Despite growing evidence that Software-as-a-Service (SaaS) solutions can produce meaningful cost-savings and provide important new functionality, there are still IT/business decision-makers and industry observers who are unconvinced that these benefits are for real.
THINKstrategies and Cutter Consortium have teamed up to conduct a series of annual customer surveys over the past four years aimed at gauging SaaS acceptance, adoption and satisfaction. We were the first to uncover widespread interest and substantial adoption (32%) of SaaS in 2005.
Last year, the proportion jumped to 62% with well over 90% of the SaaS users satisfied with their web-based software solutions, ready to renew and expand their use of the SaaS solutions, and willing to recommend SaaS to their peers. There are few legacy software vendors who can boast these satisfaction, renewal and referral rates.
Thirty percent of the SaaS users said the greatest benefit they gained from using SaaS solutions was lowering their infrastructure costs. Another 17% said they were able to obtain greater functional capabilities. Thirteen percent said their SaaS providers improved application reliability and performance, while 10% were happiest with the systematic software updates and upgrades.
The proportion of survey respondents who said they were not considering SaaS dropped from 32% in 2007 to only 9% in 2008. Of that group, 37% said they were primarily concerned about the cost-savings SaaS would bring them.
A recent Gartner opinion piece tried to appeal to this segment of the market by using the tired old argument that subscribing to a SaaS service is akin to leasing a car and would cost users more over an extended period of time. The research firm suggested that if an organization plans to use an application for more than three years, it isn’t cost-effective to subscribe to a SaaS solution, just like it isn’t a good idea to lease a car for more than three years.
While Gartner’s argument is certainly true for simple applications that require little effort to deploy and maintain, it doesn’t apply for more complex enterprise applications that demand considerable time and expense to implement and keep up and running. In these cases, subscribing to a SaaS solution isn’t the same as leasing a car.
First of all, leasing a car simply enables drivers to reduce their upfront payments for the vehicle itself. When you drive the leased vehicle off the lot it immediately starts to depreciate. The dealer and manufacturer do not provide any updates or upgrades, with the exception of an occasional recall and maybe a free oil change. And, they certainly don’t pick up the costs of housing the vehicle and making sure it will be able to start up every time you need to get somewhere.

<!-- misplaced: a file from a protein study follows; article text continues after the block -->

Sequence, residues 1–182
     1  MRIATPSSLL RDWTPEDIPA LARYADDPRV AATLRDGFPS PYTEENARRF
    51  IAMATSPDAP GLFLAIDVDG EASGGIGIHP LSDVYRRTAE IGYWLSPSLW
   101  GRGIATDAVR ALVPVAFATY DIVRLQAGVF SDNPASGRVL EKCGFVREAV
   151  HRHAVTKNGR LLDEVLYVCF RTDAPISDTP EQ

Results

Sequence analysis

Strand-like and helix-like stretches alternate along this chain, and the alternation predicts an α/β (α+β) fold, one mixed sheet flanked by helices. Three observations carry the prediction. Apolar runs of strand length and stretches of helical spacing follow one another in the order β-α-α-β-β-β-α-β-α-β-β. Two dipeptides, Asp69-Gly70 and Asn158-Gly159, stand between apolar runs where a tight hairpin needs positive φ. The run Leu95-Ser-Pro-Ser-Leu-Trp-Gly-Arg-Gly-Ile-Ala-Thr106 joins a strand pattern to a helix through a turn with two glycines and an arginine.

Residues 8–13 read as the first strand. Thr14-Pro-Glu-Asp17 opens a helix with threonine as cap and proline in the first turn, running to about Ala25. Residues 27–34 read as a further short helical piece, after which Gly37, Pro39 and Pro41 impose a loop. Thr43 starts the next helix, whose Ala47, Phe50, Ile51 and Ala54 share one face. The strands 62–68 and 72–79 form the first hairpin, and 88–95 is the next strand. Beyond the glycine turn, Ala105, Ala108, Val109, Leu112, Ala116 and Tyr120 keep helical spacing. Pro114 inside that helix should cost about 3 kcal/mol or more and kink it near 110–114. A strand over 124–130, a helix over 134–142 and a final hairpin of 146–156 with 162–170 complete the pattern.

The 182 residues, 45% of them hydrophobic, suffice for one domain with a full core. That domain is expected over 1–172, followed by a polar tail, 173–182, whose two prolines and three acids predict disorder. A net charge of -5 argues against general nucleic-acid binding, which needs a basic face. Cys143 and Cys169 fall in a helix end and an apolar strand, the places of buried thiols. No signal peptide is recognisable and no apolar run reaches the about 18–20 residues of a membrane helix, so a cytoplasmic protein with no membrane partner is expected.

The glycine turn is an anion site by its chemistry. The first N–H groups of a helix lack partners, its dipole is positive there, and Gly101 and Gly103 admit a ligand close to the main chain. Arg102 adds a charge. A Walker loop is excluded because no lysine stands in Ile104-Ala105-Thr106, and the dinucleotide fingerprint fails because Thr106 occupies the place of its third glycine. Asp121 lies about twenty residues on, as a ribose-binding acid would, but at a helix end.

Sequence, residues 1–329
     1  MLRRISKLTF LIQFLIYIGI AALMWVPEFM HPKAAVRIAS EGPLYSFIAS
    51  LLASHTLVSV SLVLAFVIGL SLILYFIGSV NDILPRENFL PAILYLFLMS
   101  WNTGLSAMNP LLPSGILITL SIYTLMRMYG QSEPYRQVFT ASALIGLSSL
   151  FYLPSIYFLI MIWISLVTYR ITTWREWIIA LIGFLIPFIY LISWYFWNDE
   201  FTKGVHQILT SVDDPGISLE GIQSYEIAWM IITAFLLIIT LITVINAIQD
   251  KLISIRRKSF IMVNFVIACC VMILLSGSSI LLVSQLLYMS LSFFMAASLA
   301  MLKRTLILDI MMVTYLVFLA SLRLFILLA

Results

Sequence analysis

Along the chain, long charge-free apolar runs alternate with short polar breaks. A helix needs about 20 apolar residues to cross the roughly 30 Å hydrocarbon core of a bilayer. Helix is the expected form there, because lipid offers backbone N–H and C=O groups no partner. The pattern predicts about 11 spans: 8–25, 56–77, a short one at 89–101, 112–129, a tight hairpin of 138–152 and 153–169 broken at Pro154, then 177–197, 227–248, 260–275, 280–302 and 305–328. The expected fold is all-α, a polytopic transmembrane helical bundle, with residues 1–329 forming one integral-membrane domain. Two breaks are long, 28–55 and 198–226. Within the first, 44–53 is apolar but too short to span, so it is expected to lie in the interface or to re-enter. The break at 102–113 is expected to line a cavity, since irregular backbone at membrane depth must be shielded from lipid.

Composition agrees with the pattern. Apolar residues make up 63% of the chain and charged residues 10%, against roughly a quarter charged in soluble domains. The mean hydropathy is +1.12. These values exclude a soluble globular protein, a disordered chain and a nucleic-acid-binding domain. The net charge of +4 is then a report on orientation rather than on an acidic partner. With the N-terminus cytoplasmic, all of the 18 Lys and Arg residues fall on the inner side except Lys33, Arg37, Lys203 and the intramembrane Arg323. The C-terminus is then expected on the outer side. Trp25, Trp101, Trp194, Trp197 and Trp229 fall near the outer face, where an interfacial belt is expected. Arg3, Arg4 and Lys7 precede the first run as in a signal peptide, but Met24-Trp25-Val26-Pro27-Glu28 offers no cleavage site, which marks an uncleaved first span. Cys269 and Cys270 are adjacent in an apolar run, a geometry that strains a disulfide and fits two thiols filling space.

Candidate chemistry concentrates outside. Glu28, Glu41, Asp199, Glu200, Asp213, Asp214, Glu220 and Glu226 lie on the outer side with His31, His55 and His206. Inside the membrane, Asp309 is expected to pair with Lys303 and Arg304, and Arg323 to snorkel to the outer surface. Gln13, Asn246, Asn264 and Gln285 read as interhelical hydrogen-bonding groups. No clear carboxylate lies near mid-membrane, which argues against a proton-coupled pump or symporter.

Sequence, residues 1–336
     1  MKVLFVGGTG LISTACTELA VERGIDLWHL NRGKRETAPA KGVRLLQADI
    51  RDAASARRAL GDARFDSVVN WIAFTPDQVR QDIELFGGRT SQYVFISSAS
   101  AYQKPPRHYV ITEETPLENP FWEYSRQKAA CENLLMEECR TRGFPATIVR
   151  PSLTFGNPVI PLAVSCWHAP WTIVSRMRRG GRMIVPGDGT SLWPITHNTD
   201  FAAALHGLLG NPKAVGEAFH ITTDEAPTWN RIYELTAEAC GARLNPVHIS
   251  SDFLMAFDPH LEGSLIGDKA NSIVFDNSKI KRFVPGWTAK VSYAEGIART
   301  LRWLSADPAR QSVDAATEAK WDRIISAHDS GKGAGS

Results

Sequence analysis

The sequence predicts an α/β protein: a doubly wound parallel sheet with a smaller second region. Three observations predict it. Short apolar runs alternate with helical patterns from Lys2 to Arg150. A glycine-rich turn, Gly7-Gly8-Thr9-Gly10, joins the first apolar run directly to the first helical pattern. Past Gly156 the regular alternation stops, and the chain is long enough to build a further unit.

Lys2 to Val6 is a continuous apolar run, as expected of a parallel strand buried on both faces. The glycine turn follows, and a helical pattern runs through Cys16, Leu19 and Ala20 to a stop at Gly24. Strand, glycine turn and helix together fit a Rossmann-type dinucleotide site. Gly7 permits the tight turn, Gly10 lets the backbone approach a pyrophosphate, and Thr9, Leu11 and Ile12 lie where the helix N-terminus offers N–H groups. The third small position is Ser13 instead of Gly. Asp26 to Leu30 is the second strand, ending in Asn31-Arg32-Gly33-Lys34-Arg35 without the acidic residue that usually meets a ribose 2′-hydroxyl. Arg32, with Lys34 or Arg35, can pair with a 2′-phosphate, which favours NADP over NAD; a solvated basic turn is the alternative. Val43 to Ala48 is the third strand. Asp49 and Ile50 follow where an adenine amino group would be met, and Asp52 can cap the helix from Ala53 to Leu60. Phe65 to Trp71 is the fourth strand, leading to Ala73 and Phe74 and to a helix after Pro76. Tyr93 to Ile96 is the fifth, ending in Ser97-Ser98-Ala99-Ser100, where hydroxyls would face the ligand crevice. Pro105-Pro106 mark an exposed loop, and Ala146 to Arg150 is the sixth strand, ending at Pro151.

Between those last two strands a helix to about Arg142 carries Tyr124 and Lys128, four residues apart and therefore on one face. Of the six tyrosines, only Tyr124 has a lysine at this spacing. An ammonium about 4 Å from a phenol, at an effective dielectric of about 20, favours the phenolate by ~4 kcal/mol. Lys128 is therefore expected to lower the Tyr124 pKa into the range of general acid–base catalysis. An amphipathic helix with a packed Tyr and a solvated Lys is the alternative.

Subscribing to a SaaS solution eliminates more than just the upfront perpetual license fee. The SaaS subscription also eliminates additional hardware, staff, facilities and other software costs required to deploy, customize, maintain and manage the application at optimal levels. So the total cost of ownership (TCO) is substantially reduced over the entire life of the application, as the respondents to THINKstrategies/Cutter’s most recent SaaS survey stated.
While there may be additional consulting costs to ensure properly deployment, integration and training for a SaaS solution, these costs are generally offset by the faster implementation times, higher utilization levels and lower failure rates which ensure a quicker time to value and greater return on investment (ROI).
Don’t forget that the best argument against leasing a car is that you don’t have an asset you can trade in or resell when you want to at the end of the term. While the same holds true for a SaaS solution, when was the last time you heard about an organization trading in or reselling its legacy application.
So, don’t let bad analysis play to your worst fears if you are still uncomfortable going down the SaaS path. Instead, talk to the growing number of your peers who are adopting and benefiting from a widening array of SaaS solutions.
Kaplan is Managing Director of THINKstrategies (www.thinkstrategies.com), an independent consulting firm focused on the business implications of the on-demand services movement. He is also the founder of the SaaS Showplace (www.saas-showplace.com) and Managed Services Showplace (www.msp-showplace.com). He can be reached at firstname.lastname@example.org.